Located on Simon Road, the church provides a variety of ser-vices to the less fortunate mem-bers of the community, key among them is food. On almost a monthly basis, the Ministry re-ceives bulk supplies of food stuff from FEEL. Each distribution the items vary between 100lb bags of rice, 100lb bags of beans and cas-es of rice soy meal. They have also received cake and bread mixes and the list goes on. Pastor Dalipingh said, that since the programmes commenced, at least 800 people from Carapo and surrounding ar-eas have benefitted.In
Tobago, St. Patrick’s Angli-can Church also prepares and dis-tributes food hampers to families in need. However Word of Life Prayer Community in Arima and Friends of Holy Cross in Princes Town, use the food supplied by FEEL to prepare cooked meals for members of their community.
Since the start of 2017 FEEL has already distributed 200,000 lbs of rice and 100,000 lbs of beans to organisations working to feed the poor in communities across Trinidad and Tobago.
But FEEL is not only focussed on importing food donations from abroad but is also working in communities and at schools to support agriculture projects and programmes. With assistance from Massy Stores and its Run for Food Programme, FEEL is do-nating agriculture supplies to all of the civil society organisations and schools supported by FEEL to support food production ini-tiatives. These supplies include forks, rakes, hoes, shovels, cut-lasses, files, tillers, water pumps and rubber boots.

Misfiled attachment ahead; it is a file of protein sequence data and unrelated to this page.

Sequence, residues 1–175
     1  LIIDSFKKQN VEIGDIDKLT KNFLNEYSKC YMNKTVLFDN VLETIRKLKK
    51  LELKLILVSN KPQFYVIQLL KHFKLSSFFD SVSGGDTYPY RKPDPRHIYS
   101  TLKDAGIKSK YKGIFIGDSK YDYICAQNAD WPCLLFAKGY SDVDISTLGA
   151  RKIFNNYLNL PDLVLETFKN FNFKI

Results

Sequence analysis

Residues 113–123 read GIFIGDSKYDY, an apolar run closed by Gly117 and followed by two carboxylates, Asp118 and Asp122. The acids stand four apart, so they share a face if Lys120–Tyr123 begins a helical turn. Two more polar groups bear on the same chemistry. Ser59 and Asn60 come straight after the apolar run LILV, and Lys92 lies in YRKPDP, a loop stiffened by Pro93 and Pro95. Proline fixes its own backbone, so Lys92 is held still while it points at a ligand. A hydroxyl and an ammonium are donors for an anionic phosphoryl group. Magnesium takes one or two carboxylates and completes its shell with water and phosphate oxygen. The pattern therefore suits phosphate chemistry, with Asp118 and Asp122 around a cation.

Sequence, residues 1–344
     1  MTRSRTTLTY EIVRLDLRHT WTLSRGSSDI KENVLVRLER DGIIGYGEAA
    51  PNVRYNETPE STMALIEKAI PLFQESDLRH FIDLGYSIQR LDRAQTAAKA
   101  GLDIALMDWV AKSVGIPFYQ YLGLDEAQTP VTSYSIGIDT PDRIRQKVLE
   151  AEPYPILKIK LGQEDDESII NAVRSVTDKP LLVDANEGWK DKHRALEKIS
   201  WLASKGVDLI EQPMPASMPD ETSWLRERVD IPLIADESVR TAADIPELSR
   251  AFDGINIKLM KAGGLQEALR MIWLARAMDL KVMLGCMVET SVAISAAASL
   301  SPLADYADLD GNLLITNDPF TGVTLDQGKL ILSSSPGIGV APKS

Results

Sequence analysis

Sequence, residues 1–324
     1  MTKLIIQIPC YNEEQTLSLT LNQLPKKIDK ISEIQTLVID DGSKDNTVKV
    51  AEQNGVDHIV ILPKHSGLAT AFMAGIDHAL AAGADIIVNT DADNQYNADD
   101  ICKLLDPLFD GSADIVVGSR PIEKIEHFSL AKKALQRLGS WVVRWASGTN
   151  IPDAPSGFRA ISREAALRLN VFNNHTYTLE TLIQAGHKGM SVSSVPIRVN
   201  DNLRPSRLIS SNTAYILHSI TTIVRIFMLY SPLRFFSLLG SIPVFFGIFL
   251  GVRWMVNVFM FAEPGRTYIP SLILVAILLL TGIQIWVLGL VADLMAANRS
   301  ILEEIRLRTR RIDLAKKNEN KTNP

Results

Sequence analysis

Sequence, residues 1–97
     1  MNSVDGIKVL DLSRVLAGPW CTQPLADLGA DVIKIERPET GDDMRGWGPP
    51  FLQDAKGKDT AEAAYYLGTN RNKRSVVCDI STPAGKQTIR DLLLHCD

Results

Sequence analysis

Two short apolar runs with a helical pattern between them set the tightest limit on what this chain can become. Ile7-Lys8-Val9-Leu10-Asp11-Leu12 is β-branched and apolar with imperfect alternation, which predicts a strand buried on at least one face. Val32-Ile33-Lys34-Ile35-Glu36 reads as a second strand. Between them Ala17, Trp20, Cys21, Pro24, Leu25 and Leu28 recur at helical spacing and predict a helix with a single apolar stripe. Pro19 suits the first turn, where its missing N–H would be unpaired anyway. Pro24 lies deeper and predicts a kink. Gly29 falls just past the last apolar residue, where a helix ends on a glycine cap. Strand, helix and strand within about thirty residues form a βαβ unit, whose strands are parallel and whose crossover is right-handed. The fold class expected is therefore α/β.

FEEL Business and Employment Solutions1
0 years ago, Lucia Wilkie Ar-chibald began turning her dream of helping people in her depressed community of Gonzales into a re-ality.
Along with 5 other people she formed the Gonzales and Beyond Foundation.
“This is my heart’s desire and I believe this dream is not just the feeding of the people, it is to give back to my community, that is why I enjoy it because it was a dream that I had and I just want to fulfill it.
”5 years later her foundation sub-mitted a proposal to FEEL which was approved and since then the less fortunate people it served be-gan receiving monthly help in the form of food and clothes.
However, the assistance didn’t end there. Gonzales and Beyond wanted to make people self-suffi-cient, so in 2013 they approached FEEL for assistance with a sew-ing programme. FEEL donated 30 sewing machines and 5 comput-ers to add to what it already had and this opened up a world of op-portunities to individuals in the community.
One of the persons who ben-efitted from this programme was Mrs. Jennifer Boucher. For 37 years Mrs. Boucher was a house-wife who depended on the income of her husband. Now in her re-tirement years she is able to earn an income that helps to support her family. When Mrs. Boucher completed the sewing course she received a sewing machine from FEEL. She uses this to make cur-tains, bed sheets, cushion covers, placemats and many other items. She is so well known in her com-munity that she is able to pass on her skills to her daughter as well as train her 22 year old neighbour.
In offering advice to others Mrs. Boucher, now 68 years old says, “it is never too late to try some-thing new, learn to do something, learn to sew, learn something, try to make something better. I don’t want us to be depressed in our community. You do not have to wait for a job with government, you can employ yourself.
”In Caparo and Laventille the stories are similar. Mission for Christ and In the MeanTime ran sewing and cooking courses re-spectively, in their communities with the support of FEEL. Ac-cording to Ms. Janice John of In the MeanTime, “We helped many single mothers learn to plan low cost healthy meals and a few of them have gone on to start their own businesses. We just couldn’t do it without the help of FEEL!”